What do bagels, bran cereal and bananas have in common? They’re good-for-you breakfast foods that could keep you on the weight-loss straight and narrow.
Research has shown that people who skip breakfast may not be as successful with weight management as those people who eat breakfast regularly. Why? Eating breakfast may reduce snacking and overeating.
A study in The American Journal of Clinical Nutrition suggests that breakfast eaters fall prey to impulse snacking less often than non-breakfast eaters.
Not all fuels are created equal. Most people will get more mileage from a small bran muffin and a cup of fat-free milk than they do from a large glass of juice. That’s because the sugar in the juice is much more rapidly used than the energy derived from the muffin and milk.
The most satisfying breakfasts deliver a quick shot of energy (by raising blood sugar rapidly) and then a longer term energy boost from high-fiber, complex-carbohydrate, protein-containing foods that slow digestion.
What does that mean for your sugar cereal? Toss a handful into a bowl of low-fat yogurt and then mix it up with some fiber-rich fruit. Other tag-team breakfasts include:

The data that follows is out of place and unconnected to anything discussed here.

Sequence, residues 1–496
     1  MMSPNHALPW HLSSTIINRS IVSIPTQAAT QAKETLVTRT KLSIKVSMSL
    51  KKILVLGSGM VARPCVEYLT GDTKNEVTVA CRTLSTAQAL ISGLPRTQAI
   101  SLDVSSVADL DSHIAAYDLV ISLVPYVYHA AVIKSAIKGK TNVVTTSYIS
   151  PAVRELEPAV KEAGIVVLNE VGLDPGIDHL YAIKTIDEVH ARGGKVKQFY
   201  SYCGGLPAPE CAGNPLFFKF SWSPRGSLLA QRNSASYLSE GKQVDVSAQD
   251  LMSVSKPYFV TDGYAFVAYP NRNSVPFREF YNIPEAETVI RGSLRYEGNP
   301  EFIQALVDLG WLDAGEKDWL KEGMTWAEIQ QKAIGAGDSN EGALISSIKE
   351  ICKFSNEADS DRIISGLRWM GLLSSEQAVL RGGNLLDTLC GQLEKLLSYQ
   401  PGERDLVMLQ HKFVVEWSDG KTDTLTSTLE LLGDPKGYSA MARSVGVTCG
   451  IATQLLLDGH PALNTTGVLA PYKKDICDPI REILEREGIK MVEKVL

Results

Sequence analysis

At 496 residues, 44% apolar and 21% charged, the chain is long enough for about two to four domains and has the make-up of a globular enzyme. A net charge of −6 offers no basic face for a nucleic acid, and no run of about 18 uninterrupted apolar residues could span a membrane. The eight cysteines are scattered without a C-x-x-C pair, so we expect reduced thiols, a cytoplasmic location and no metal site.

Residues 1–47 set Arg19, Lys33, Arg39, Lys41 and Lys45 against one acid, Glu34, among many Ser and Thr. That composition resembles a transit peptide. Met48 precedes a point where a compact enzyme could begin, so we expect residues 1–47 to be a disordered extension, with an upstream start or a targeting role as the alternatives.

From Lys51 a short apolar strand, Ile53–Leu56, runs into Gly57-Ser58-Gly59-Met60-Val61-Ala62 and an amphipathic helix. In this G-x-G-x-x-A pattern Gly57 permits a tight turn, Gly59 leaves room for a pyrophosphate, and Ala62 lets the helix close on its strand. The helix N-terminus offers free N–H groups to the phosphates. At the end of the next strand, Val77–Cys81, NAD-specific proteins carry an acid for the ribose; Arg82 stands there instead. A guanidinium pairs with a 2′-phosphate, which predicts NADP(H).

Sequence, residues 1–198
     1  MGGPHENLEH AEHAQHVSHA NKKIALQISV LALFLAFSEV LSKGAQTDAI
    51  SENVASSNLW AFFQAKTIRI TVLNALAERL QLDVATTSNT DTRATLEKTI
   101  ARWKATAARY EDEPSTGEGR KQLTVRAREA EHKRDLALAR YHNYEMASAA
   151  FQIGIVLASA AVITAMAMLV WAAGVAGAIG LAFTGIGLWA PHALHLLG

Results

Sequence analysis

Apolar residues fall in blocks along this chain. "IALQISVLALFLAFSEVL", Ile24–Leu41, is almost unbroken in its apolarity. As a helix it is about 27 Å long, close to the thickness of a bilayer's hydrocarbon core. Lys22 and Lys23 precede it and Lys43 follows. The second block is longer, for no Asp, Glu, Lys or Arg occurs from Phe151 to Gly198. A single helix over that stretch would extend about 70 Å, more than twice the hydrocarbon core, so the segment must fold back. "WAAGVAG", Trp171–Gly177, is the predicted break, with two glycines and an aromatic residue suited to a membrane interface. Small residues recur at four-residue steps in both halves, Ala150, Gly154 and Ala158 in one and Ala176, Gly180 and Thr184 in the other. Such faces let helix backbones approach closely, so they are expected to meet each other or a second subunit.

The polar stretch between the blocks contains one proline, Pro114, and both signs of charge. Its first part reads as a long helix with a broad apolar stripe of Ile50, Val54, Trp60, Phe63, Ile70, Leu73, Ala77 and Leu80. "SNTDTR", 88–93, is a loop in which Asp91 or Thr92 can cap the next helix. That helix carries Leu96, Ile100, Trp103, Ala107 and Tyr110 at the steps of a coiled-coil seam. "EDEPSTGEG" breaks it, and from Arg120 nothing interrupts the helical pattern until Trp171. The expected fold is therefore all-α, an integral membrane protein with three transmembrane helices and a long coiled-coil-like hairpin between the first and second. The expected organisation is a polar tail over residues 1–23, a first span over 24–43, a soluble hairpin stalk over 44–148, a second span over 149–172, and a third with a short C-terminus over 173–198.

• Low-fat cheese and tomato slices on a whole-wheat English muffin
• High-fiber cereal with fat-free or low-fat milk and dried or fresh fruit
• Peanut butter and jelly on multi-grain bread
• Hard-boiled or scrambled eggs (or egg whites) with a couple of wheat crackers
• Low-fat yogurt and a grain-rich cereal bar
• A banana and a small handful of peanuts or almonds
When time is of the essence, think portable. Try a hard-boiled egg and a couple of crackers or string cheese and fruit. And for those crunch times, keep packets of instant oatmeal, high-fiber breakfast bars and mini boxes of raisins in your desk drawer.
You don’t have to eat really early, but it’s wise to eat within several hours of waking up. If you can’t stomach much, try a few grapes or a wheat cracker and half a glass of juice. After a few days, your body might naturally look forward to this a.m. fuel-up and you can try more substantial meals.
Many people experience less erratic eating patterns (like mid-afternoon and after-dinner munchies) when they eat several small snacks and meals throughout the day.
Article reprinted courtesy of WeightWatchers.com.